YOU ASKED: There seems to be a lot of debate on the online forums regarding Kamloops' air quality. I've heard it is on par with Kelowna's but others seem to think it's terrible. Could you look into this and shed some light on this discussion?
OUR ANSWER: Your timing was fortuitous, Alex. We started poking around the Ministry of Environment via telephone on Monday and were told that, by coincidence, the City of Kamloops was about to release a background report on the status of air quality in the community.
That report came out Wednesday on the City’s website and it lays out an interesting portrait of the air we breathe.
Among the findings:
* Air quality in Kamloops is generally good. There are periods of poorer air during wildfires and periods of poor dispersion within the valley resulting in increased levels of particulate matter (PM2.5). The key pollutants in Kamloops that are of concern for health are respirable particulate matter (PM2.5) and ground level ozone.
* Both PM2.5 and ozone levels are below both national and provincial standards. The only time Kamloops exceeded the acceptable levels was in 2004, the year of the great forest fires.
Interestingly, air quality in Kamloops is measured at two continuous air stations every hour. One is in Brocklehurst and another is downtown.
In the City’s Air Quality Backgrounder document, released on Wednesday, the air quality in Kamloops is compared to Kelowna.
“Seems like they’re pretty on par, for the most part, except when there’s forest fires that affect one or the other, of course,” said Environment Minister Terry Lake.
The most significant difference between Kamloops and Kelowna is that odours due to total reduced sulphur gasses (TRS) are very rare in Kelowna while they are common in Kamloops.
The Domtar pulp mill and City’s sewer treatment plant on Mission Flats Road are two of the main sources of these sulphur odours. So, too, are the various pumping stations throughout town and the gas and petroleum installations near the weigh scales at Mount Dufferin.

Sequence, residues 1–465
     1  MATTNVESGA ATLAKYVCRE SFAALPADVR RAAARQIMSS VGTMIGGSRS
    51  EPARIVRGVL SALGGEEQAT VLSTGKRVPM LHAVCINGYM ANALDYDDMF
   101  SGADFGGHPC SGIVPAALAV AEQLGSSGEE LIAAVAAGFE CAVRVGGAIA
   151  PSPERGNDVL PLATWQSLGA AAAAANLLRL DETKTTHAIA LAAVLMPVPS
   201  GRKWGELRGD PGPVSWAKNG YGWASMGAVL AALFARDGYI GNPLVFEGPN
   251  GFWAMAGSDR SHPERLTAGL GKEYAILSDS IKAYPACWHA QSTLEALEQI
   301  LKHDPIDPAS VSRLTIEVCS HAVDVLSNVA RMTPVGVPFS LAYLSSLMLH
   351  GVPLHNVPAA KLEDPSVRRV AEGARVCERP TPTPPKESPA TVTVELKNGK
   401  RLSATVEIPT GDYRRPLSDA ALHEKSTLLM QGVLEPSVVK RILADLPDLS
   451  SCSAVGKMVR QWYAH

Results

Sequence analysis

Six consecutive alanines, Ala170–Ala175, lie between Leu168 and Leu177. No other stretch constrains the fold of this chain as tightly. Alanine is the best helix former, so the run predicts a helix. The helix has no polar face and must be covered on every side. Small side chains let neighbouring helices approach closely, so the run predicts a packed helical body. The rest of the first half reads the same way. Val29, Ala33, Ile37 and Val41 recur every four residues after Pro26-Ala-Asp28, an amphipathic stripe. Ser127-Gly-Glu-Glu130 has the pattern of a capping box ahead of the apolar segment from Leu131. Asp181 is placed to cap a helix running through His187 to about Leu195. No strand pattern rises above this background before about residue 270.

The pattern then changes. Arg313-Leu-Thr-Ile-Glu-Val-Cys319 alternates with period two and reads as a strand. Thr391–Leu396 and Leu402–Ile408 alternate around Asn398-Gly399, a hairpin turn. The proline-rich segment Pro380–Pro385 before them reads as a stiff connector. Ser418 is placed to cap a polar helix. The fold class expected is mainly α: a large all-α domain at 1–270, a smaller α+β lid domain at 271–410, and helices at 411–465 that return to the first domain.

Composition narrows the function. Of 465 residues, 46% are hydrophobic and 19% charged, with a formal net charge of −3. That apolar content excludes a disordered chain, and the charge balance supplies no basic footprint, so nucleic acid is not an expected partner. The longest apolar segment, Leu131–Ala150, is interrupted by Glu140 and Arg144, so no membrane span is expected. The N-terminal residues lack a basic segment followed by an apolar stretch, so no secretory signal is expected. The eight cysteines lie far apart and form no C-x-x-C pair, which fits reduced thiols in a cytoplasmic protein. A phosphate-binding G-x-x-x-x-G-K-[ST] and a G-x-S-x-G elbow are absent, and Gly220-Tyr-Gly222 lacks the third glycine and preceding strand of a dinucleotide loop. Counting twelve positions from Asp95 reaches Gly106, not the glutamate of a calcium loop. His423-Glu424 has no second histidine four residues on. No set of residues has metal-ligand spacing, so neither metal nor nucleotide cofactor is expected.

“The upgrade of the sewage treatment plant will help a little bit with that and, of course, Domtar is much, much better than it used to be in the old days. If you know anyone from Kamloops way back when, they’ll tell you the occasional whiff we get now was a constant in the old days.”
These odours have been measured in Kamloops since the 1970s and they don’t pose a risk to health; they’re just unpleasant.
They are reported as the number of hours in a year that the hourly average exceeds five parts per billion — the B.C. Level A objective.
The highest odour levels are measured at the Brocklehurst station and since 2003 have ranged from eight to 72 hours per year with hourly concentrations greater than 5ppb. In the 1980’s there were often more than 500 hours above 5ppb per year.
For comparison, in Prince George during 2010 the downtown monitor recorded over 1000 hours above 5ppb compared to 74 hours in Kamloops at the Brocklehurst monitor.
Since stinky sulphur odour is rare in Kelowna, we can’t compare that city with ours.
Of course, air quality continues to be a subjective matter when it comes to public debate. Two people living on the same street will have two opinions on the quality of air.
So you will likely continue to see a debate between the virtues of our air, compared with Kelowna’s.
If you’re really concerned about it, we suggest you get involved in the City of Kamloops’ Airshed Management Plan, which is being developed right now. There’s even a survey you can take online at www.kamloops.ca.
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